Parents, we’re pulling for you as the new school year looms
If you’re a parent of a Chicago Public Schools student, know this: We’re with you as Sept. 8 draws near.
We’re rooting for you as you and your children begin another few months — at least — of remote learning amid a pandemic. It’s going to be the trickiest of balancing acts for thousands of busy parents, like you, to once again juggle work, child care and overseeing a restless second-grader’s online lessons.
You’re no doubt hoping and praying that Chicago can rein in the coronavirus enough in the coming months so that your children can soon get back to real school. Maybe you’ve already circled Nov. 6 on the calendar, the day that CPS hopes to get a green light from public health experts to launch its hybrid learning model with in-person instruction two days a week for most students.
Getting students back to classes, even part-time, would be a huge step forward for kids. Because last spring, all of us, especially parents, saw firsthand how seriously remote learning falls short.
This time around, remote learning has got to be far better, from Day One.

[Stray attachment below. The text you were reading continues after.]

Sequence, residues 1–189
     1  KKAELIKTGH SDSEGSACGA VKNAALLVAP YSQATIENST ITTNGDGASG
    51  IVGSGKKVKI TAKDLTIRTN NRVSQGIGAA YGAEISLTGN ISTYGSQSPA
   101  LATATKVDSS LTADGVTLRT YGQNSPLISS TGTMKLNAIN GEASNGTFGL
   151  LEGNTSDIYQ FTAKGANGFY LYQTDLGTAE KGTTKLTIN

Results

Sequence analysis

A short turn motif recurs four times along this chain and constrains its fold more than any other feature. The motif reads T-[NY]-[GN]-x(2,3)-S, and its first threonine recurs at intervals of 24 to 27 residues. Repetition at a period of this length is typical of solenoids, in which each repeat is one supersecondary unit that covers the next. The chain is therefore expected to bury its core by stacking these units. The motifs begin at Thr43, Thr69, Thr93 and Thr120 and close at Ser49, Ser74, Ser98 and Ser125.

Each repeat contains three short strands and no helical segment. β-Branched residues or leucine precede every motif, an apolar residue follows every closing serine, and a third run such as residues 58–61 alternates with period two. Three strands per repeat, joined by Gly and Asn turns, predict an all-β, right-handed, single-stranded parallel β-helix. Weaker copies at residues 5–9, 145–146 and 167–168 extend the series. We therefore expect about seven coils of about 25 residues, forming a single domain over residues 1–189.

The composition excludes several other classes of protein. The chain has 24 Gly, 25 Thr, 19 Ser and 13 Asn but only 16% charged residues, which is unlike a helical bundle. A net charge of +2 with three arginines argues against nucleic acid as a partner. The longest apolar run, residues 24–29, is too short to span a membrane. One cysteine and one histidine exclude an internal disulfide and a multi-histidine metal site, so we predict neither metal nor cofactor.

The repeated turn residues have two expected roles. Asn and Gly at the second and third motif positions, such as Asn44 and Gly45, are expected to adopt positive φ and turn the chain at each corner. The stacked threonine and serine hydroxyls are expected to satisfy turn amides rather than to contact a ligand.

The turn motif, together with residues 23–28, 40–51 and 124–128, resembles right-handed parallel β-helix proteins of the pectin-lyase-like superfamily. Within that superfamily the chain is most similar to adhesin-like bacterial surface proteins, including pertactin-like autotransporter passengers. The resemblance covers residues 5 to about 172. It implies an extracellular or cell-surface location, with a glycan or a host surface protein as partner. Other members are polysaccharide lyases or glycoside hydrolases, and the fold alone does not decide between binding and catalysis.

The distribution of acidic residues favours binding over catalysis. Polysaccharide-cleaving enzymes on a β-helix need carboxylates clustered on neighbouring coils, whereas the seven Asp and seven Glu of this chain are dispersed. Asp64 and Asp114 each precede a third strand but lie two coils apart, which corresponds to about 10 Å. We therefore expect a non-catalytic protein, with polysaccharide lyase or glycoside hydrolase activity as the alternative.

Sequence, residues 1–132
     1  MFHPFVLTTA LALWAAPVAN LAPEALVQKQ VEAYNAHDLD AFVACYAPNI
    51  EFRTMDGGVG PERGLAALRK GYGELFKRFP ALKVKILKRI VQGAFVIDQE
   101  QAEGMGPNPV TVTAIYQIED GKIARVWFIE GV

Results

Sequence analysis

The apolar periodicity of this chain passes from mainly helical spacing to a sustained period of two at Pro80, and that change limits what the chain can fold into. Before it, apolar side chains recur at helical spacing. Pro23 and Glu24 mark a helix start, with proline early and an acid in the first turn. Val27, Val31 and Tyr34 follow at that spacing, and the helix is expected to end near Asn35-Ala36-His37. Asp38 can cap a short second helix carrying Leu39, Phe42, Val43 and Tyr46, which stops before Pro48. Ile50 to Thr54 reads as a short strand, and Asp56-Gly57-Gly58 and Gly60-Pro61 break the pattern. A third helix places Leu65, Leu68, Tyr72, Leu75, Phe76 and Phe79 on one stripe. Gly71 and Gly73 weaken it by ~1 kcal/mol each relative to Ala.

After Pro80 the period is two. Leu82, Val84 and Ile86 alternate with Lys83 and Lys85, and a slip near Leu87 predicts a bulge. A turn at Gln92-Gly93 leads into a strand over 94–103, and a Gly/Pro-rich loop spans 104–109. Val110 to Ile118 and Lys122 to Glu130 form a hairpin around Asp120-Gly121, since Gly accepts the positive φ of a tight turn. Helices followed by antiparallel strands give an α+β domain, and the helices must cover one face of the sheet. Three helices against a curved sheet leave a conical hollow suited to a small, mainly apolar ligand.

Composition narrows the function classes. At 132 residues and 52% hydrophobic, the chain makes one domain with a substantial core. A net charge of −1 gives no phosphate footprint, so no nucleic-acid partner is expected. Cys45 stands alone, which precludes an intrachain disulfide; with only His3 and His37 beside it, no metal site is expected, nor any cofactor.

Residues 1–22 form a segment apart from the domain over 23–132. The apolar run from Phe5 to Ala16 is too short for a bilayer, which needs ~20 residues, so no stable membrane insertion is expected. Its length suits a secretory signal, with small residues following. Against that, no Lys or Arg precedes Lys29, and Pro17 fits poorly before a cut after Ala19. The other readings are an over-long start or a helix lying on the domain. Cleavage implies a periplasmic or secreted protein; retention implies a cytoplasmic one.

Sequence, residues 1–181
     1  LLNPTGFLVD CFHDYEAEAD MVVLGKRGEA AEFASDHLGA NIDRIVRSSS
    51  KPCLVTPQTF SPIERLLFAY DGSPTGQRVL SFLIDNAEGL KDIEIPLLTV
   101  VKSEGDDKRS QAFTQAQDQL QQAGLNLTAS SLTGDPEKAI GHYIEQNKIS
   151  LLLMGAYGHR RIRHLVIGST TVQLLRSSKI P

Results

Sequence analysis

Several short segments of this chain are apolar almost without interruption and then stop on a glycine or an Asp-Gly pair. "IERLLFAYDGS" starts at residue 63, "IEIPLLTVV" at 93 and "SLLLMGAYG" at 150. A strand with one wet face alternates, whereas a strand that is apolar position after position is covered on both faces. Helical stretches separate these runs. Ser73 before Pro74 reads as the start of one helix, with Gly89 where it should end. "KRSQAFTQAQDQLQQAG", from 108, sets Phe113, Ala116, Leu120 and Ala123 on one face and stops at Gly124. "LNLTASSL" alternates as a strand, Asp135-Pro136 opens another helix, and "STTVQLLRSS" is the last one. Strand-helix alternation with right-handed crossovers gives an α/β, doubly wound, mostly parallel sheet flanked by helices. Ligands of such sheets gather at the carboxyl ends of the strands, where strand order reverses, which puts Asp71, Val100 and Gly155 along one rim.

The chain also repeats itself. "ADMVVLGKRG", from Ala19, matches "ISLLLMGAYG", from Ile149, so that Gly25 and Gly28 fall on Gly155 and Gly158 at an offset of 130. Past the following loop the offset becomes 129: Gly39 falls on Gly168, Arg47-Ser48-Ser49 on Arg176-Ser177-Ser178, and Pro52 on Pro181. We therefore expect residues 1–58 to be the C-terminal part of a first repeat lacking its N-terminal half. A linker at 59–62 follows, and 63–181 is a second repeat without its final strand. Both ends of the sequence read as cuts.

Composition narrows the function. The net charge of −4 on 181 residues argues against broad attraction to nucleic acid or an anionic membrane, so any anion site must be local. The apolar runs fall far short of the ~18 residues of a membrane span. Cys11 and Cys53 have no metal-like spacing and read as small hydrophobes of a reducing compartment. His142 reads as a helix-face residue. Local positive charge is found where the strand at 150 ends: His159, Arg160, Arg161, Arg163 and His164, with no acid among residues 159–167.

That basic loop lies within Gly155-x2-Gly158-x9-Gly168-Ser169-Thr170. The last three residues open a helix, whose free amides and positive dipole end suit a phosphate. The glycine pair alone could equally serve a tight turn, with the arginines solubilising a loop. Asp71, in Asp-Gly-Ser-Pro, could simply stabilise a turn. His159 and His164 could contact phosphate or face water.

CPS and the Chicago Teachers Union must pull out all the stops, put aside any petty disputes over the logistics of making it work, and go above and beyond to make sure that happens.
There’s no excuse for a repeat of last spring, when thousands of children failed to regularly log on to the district’s digital learning platform and hundreds of lowerincome children couldn’t go online at all because their families didn’t have WiFi or a computer.
CPS on Wednesday released its plan to provide a much more structured remote learning experience that, as much as possible, replicates real school: About four hours a day — fewer for young children, more for high school students — of live online lessons, plus smallgroup instruction or other learning activities for the remainder of the 7-hour school day.
Attendance will be taken, letter grades will once again be given out, and teachers will have to be available to students for a full school day.
Wealthy families across the country have the means to keep their children on a solid academic track. They’re pooling their money to hire experienced teachers to teach small groups of their children in so-called “pandemic pods.”
For families of more modest means, school districts must make remote learning work until a real “back to school” is possible.